Mayoral Gallery presents an exhibition inspired by the Spanish Pavilion at the 1937 Paris Exposition International des Arts et Techniques dans la Vie Moderne, commemorating the 80th anniversary of an era defining event for the Spanish people. The Spanish Pavilion was organised by the Spanish Second Republic to draw attention to their plight in the fight against the Nationalists, led by Francisco Franco, in the Spanish Civil war (17 July 1936 – 1 April 1939).

The Spanish Pavilion was designed by the architects, Josep Lluís Sert and Luis Lacasa, in the International Style. José Gaos curated the exhibition, which featured one of the most significant works of the twentieth-century: Guernica by Picasso, which was commissioned for the Pavilion. Other notable works included: Mercury Fountain, by Alexander Calder; The Reaper (El Segador), by Joan Miró; Montserrat, by Julio Gonzãlez; and The Spanish People Have a Path that Leads to a Star, by Alberto Sánchez Pérez.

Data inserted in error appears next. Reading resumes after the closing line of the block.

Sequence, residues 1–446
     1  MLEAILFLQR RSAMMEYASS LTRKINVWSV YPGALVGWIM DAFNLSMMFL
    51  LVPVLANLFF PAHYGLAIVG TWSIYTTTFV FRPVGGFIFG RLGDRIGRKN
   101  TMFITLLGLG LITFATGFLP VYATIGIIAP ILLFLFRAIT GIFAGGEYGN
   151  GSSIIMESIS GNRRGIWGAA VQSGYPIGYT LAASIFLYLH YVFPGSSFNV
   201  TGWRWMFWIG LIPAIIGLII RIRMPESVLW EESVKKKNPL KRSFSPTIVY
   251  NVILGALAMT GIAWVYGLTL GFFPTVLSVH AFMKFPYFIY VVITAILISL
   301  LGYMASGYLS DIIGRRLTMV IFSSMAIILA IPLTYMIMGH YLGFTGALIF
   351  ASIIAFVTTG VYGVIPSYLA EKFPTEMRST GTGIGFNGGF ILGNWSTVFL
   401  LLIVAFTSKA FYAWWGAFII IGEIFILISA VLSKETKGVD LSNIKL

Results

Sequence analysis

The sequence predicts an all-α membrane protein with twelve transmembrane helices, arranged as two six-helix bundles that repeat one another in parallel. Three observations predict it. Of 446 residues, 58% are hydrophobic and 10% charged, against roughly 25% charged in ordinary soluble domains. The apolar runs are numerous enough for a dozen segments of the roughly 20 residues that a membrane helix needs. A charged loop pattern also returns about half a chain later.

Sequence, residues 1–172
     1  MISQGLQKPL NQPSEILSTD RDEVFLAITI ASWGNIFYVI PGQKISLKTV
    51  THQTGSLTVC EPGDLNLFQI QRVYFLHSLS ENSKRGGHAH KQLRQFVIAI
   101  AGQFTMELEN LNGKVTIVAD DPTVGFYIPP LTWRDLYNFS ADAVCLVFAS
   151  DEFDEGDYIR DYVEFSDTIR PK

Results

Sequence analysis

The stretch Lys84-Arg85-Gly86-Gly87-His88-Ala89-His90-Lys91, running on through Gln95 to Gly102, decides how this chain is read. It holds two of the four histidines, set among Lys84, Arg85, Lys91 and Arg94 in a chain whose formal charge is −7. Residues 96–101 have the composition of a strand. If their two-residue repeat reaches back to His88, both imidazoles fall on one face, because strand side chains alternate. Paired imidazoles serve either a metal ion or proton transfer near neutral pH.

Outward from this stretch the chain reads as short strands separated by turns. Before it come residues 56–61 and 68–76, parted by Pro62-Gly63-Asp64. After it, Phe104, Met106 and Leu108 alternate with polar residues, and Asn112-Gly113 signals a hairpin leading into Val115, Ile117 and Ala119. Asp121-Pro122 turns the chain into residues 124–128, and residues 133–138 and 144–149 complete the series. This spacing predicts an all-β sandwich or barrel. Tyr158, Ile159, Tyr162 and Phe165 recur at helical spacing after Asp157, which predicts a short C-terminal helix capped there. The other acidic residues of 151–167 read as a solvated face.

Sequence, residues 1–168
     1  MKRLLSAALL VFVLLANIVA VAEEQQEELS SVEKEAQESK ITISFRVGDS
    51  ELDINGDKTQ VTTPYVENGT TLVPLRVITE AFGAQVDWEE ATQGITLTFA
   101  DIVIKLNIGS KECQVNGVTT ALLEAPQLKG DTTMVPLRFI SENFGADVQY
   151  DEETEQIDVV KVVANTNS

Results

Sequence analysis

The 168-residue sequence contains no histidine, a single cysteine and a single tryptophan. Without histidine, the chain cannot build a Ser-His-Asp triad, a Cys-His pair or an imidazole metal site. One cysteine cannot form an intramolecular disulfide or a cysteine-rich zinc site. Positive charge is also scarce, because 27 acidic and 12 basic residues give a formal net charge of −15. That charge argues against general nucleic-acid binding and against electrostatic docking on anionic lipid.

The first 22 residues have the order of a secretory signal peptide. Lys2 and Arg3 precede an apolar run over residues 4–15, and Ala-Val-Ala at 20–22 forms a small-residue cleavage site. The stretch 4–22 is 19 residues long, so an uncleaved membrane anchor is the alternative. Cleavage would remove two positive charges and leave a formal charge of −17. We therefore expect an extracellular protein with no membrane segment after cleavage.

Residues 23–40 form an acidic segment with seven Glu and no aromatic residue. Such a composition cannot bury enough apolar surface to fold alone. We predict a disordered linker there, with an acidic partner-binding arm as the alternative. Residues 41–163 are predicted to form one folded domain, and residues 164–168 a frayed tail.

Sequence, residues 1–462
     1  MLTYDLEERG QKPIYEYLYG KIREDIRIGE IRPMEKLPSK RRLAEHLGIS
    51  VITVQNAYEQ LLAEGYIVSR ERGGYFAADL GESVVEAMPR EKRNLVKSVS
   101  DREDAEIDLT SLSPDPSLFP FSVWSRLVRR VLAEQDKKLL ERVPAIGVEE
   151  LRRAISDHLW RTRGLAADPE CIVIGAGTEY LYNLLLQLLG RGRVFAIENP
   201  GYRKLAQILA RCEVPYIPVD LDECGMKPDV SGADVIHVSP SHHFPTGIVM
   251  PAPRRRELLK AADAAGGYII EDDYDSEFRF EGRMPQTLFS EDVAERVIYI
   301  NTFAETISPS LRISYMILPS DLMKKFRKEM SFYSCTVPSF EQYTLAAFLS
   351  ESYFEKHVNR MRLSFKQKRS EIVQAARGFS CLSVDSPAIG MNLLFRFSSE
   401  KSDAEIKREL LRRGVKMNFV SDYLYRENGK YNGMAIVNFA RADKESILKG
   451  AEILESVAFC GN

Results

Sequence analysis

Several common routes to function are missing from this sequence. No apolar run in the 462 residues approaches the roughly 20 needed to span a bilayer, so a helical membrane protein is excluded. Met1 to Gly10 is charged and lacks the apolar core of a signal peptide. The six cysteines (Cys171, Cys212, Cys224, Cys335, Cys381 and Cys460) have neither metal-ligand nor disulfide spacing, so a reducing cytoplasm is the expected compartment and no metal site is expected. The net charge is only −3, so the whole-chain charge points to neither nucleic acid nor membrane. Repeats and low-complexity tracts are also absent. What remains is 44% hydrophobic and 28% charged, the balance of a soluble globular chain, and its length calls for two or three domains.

Installation View, Art Revolutionaries at Mayoral, 6 Duke Street, London. Image courtesy Mayoral.

This show presents a number of works by the key artists featured in the original pavilion, and supplements them with facsimile reproductions of parts of the pavilion and the furniture, original posters, and archival material. Candid Magazine met with the Director of Mayoral Gallery, Jordi Mayoral, and the curator, Juan Bonet, to find out more.

Candid Magazine: “Many of the famous works that were exhibited at the Pavilion by Picasso, Calder, Miró, and Gonzalez, are not available to be exhibited here, for various reasons, so could you talk me through why the pieces that are shown were chosen?”